Imprisoned for 14 years in a fetid cell, Princess Aida Desta was a woman of remarkable courage.
Princess Aida was the eldest granddaughter of Emperor Haile Selassie of Ethiopia. After the occupation of Ethiopia by Italy in 1936, she accompanied her mother, siblings and grandparents into exile in the UK: her father would be captured and executed some months later.
Princess Aida studied history at Newnham, matriculating in 1945. After her graduation she served as a UN Commissioner, representing migrants. She returned to Ethiopia, married, and with her husband began working to raise the living standards of the region. She focused on hospitals and orphanages: UN Representative Margaret Anstee, who had known Aida at Newnham, visited and was struck by the enormity of the challenge and Aida’s dedication.
In 1974, Princess Aida was seized in her palace by revolutionaries of the Military Government of Socialist Ethiopia: her husband had already escaped. Facing down the soldiers, she told them, ‘The lion has gone out of his cage. He has escaped you and you are looking at the lioness.’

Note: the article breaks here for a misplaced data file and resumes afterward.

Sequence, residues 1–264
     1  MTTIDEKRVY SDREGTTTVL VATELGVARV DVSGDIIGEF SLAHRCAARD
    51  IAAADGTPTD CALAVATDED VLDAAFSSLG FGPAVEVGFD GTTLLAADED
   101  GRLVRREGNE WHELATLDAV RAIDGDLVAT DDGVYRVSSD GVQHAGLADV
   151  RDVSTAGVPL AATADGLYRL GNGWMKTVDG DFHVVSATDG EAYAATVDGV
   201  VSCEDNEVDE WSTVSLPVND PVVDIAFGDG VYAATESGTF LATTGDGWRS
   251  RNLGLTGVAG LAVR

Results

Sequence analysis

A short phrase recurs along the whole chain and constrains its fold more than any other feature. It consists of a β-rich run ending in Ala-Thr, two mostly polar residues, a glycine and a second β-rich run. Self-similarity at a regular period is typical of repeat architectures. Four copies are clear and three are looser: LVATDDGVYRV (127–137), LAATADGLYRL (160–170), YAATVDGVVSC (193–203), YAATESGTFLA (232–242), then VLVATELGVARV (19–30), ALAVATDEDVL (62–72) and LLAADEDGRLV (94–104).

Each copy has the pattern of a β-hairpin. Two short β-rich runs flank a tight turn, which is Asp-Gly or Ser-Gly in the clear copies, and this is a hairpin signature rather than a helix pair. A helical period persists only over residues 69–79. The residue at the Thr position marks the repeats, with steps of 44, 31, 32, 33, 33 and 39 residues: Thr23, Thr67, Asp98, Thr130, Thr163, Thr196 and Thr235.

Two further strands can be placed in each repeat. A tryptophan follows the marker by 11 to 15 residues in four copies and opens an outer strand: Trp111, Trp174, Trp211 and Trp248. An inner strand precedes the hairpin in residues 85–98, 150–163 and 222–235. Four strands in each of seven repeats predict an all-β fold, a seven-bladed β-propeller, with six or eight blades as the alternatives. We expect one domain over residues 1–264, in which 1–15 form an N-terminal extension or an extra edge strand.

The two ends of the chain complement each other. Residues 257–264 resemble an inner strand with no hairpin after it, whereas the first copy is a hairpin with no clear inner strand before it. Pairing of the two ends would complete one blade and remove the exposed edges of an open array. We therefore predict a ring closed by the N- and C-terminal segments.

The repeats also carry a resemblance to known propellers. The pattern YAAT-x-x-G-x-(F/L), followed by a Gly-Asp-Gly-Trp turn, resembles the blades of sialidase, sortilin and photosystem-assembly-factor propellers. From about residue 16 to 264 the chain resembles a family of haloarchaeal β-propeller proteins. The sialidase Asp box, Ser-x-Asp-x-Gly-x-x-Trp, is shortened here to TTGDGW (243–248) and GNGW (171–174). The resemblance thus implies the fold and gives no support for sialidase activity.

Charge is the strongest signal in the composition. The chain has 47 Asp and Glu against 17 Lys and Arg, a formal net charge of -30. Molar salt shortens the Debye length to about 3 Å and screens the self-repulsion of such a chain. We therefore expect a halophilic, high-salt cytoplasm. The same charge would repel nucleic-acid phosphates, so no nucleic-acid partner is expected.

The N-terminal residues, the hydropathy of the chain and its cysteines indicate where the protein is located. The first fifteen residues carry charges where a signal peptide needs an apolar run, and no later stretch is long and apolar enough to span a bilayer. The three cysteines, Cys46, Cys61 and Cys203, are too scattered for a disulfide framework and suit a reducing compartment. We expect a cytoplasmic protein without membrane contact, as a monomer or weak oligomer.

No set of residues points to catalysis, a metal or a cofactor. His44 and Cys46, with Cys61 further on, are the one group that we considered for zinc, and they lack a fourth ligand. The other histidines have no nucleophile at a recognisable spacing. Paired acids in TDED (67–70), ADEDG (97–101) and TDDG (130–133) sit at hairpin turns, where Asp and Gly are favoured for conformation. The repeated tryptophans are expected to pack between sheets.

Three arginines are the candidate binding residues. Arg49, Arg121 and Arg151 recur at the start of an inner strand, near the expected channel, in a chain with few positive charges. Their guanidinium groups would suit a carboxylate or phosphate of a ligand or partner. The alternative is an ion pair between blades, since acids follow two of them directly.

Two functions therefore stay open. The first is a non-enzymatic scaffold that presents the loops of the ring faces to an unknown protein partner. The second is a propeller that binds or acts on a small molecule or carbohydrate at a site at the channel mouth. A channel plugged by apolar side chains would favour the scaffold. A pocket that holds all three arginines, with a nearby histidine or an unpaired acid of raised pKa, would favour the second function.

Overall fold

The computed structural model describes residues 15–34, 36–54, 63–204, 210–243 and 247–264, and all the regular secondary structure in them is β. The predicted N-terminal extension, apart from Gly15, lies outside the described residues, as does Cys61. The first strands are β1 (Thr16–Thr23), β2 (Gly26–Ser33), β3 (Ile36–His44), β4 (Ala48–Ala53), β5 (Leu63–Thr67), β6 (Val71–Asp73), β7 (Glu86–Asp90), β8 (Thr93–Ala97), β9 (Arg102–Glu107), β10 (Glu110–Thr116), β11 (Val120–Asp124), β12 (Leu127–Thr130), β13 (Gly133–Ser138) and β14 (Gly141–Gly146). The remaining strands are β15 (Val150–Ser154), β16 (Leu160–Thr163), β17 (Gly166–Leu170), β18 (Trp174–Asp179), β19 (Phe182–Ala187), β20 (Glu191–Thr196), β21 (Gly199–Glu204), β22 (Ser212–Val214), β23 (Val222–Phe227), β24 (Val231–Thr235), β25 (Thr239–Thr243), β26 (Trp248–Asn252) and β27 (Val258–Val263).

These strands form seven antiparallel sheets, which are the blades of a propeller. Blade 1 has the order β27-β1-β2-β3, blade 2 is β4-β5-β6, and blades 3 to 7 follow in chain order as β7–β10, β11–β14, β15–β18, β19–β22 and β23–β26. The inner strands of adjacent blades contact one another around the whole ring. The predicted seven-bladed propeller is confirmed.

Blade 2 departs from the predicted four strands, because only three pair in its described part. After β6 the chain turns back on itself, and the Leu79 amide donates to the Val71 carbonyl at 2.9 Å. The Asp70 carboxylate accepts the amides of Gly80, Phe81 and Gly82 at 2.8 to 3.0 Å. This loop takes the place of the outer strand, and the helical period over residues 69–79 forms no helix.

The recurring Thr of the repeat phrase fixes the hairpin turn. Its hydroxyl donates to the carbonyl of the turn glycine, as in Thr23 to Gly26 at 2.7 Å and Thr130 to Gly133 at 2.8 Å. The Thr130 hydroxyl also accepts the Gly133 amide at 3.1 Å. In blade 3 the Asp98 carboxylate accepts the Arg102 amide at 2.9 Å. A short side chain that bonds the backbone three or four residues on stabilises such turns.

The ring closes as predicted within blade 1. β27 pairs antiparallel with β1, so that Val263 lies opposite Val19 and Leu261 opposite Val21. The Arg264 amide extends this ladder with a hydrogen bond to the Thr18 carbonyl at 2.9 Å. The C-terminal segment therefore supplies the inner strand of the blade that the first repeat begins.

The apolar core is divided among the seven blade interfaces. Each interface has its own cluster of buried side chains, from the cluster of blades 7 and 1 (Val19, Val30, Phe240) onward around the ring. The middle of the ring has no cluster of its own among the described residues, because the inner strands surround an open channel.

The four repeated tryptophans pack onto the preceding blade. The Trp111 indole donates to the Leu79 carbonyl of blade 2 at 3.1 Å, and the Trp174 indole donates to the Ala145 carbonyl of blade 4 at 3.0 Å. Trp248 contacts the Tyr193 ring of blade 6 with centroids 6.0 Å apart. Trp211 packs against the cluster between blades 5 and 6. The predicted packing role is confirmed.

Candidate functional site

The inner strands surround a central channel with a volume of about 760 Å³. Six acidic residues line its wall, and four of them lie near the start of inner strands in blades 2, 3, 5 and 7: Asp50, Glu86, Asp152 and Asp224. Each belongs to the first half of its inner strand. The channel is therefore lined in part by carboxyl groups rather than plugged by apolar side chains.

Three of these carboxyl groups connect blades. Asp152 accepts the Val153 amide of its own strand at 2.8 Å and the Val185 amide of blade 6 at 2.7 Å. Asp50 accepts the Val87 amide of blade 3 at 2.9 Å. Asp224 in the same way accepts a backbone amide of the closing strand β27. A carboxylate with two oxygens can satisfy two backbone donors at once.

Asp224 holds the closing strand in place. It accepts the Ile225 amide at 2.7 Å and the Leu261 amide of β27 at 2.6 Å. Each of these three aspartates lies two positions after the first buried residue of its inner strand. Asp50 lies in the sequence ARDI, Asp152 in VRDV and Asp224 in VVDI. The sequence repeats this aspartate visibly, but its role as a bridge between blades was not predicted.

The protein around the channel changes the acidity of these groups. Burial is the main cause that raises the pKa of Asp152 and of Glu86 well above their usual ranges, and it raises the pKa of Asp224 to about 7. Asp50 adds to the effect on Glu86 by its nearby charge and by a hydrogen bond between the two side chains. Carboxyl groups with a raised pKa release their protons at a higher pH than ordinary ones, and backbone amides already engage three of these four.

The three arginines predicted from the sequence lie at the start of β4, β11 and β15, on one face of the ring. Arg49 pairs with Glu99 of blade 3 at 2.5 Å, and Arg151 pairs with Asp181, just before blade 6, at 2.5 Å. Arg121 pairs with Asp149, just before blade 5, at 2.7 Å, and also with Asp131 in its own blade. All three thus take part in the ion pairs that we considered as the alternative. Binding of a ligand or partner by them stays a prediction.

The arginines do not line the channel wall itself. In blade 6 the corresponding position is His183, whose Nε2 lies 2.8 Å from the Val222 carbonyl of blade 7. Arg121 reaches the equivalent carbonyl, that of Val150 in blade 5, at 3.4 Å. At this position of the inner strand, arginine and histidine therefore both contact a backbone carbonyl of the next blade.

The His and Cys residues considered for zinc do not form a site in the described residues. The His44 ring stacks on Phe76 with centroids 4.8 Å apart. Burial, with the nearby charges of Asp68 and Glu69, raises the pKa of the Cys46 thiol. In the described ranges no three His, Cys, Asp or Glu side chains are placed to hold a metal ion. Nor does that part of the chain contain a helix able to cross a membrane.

With the other women of the imperial family, she was incarcerated for 14 years, under appalling conditions. Observers expected that the women would be locked in a single cell until they died.
Outside, Ethiopia suffered first the Civil War and then the famine of the 1980s. Their mental and physical health suffered terribly. Newnham alumnae sent food parcels and necessities. Years of campaigning by friends and human rights organisations had little effect on the Military Government.
Finally, in 1988, the women were unexpectedly released into exile in the USA, and later were able to return to Ethiopia. Princess Aida Desta died aged 85.